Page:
By Jonathan Papp on 11/12/18 12:45 PM
Modern Healthcare reported that CMS is developing a rule that could curtail transportation access for Medicaid beneficiaries. The proposed rule, per CMS, “will reexamine current regulations under which states are required to assure NEMT for all Medicaid beneficiaries.” Although the proposed rule doesn’t give a lot of detail, CMS did indicate the proposal would be evaluated as early as May, 2019.
In the past few years, CMS has made efforts to cut into transportation benefits for Medicaid beneficiaries by granting waivers that allow states to circumvent mandatory NEMT requirements. Following this, Iowa and Indiana were granted waivers and two other states, Kentucky and Massachusetts, have waivers that are currently pending.
Several prominent figures in the policy world have spoken out against the proposed rule, as well as experts in the medical community. A former Obama administration CMS official has spoken out urging the Trump administration to drop the budget proposal, citing the 1974 District Court opinion, which stated that stripping the Medicaid NEMT benefit “is the worst kind of false economy” since it makes beneficiaries sicker and raises costs to the system.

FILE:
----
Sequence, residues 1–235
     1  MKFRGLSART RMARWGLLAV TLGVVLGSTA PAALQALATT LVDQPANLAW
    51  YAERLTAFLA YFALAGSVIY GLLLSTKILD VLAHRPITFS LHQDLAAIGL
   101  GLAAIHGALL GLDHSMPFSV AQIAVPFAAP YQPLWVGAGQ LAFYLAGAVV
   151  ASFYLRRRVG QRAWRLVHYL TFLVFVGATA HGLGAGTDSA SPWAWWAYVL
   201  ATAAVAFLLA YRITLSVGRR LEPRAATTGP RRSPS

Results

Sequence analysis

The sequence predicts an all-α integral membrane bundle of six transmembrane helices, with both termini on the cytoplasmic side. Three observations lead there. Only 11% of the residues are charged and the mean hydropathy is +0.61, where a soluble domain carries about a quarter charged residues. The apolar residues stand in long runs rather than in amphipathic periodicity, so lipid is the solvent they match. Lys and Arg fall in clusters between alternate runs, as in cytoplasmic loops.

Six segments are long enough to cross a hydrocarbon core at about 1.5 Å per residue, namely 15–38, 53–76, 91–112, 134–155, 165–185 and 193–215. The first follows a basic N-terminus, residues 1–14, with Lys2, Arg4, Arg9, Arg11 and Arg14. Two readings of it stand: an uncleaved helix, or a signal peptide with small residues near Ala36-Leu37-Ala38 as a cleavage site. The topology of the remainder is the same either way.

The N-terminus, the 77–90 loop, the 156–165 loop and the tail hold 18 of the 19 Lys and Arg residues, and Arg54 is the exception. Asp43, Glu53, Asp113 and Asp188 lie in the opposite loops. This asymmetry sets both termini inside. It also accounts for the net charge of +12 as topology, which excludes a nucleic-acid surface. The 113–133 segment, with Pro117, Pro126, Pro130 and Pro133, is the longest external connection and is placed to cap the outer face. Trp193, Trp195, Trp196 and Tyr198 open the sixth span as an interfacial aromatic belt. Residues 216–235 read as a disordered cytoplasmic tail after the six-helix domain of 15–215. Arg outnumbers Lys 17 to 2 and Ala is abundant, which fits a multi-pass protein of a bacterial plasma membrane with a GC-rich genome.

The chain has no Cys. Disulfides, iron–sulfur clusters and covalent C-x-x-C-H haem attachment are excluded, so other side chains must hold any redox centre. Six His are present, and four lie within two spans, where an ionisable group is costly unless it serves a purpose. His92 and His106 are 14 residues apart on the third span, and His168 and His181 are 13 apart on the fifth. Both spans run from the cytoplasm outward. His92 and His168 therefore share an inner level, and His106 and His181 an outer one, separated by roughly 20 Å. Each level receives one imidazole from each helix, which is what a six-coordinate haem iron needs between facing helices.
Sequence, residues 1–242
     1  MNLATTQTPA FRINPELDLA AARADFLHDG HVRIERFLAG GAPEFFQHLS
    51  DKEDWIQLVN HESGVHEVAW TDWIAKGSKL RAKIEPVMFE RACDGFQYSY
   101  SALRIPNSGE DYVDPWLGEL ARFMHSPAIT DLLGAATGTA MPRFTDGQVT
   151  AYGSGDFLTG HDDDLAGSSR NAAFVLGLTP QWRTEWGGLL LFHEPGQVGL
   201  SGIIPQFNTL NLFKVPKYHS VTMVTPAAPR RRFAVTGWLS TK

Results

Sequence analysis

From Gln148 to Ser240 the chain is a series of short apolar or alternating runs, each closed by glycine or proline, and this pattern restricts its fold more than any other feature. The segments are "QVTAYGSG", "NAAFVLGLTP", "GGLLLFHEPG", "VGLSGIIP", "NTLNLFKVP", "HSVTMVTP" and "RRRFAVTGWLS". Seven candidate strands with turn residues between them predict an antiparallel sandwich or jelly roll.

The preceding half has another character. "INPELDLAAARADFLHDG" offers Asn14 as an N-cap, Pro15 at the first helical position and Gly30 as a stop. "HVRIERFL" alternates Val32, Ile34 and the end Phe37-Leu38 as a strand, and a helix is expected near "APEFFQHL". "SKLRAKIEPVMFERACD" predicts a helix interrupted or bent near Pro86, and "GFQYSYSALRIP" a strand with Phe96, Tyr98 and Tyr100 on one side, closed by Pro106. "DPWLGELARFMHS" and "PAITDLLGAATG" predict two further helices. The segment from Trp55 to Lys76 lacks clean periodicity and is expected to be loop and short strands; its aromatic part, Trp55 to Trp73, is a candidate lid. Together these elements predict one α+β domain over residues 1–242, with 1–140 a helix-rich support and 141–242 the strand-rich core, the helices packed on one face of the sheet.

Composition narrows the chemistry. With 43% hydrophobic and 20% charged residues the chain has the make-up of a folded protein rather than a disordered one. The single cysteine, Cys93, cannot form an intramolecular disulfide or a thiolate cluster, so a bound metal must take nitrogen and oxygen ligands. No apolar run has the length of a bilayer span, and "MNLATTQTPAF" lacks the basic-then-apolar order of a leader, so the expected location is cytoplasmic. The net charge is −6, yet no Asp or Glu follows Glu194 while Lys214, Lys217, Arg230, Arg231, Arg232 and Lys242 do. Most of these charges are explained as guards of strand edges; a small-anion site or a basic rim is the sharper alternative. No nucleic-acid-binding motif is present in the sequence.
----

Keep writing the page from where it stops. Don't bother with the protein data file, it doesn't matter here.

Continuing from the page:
Here’s how Twitter is reacting to the news:
In other news, a recent report predicted that the market size for Medicaid NEMT will continue to grow at an average annual rate of 2.49%. In the report, Research Analysts project that the market size for Medicaid non-emergency transportation will reach $3.4 Billion by 2022.
Last, in Brownsville, Texas, the local fire department is launching a new program that seeks to reduce 911 emergency calls and free up fire and EMS resources. This pilot program will identify frequent 911 callers and provide outreach to those callers to identify the root cause of their health issues. Whether it’s lack of access to transportation or not complying with prescription medications, the program will connect patients with nonprofits or veterans’ groups that can help.
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